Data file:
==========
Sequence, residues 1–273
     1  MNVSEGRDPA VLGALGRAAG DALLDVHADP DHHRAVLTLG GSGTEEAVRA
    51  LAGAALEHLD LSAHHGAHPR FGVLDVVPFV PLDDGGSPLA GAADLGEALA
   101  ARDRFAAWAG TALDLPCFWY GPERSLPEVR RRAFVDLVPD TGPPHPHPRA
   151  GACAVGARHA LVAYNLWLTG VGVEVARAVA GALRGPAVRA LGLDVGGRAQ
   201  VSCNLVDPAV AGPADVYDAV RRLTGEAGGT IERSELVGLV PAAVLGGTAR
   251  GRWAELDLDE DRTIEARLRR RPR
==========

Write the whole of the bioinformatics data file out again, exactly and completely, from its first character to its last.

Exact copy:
Sequence, residues 1–273
     1  MNVSEGRDPA VLGALGRAAG DALLDVHADP DHHRAVLTLG GSGTEEAVRA
    51  LAGAALEHLD LSAHHGAHPR FGVLDVVPFV PLDDGGSPLA GAADLGEALA
   101  ARDRFAAWAG TALDLPCFWY GPERSLPEVR RRAFVDLVPD TGPPHPHPRA
   151  GACAVGARHA LVAYNLWLTG VGVEVARAVA GALRGPAVRA LGLDVGGRAQ
   201  VSCNLVDPAV AGPADVYDAV RRLTGEAGGT IERSELVGLV PAAVLGGTAR
   251  GRWAELDLDE DRTIEARLRR RPR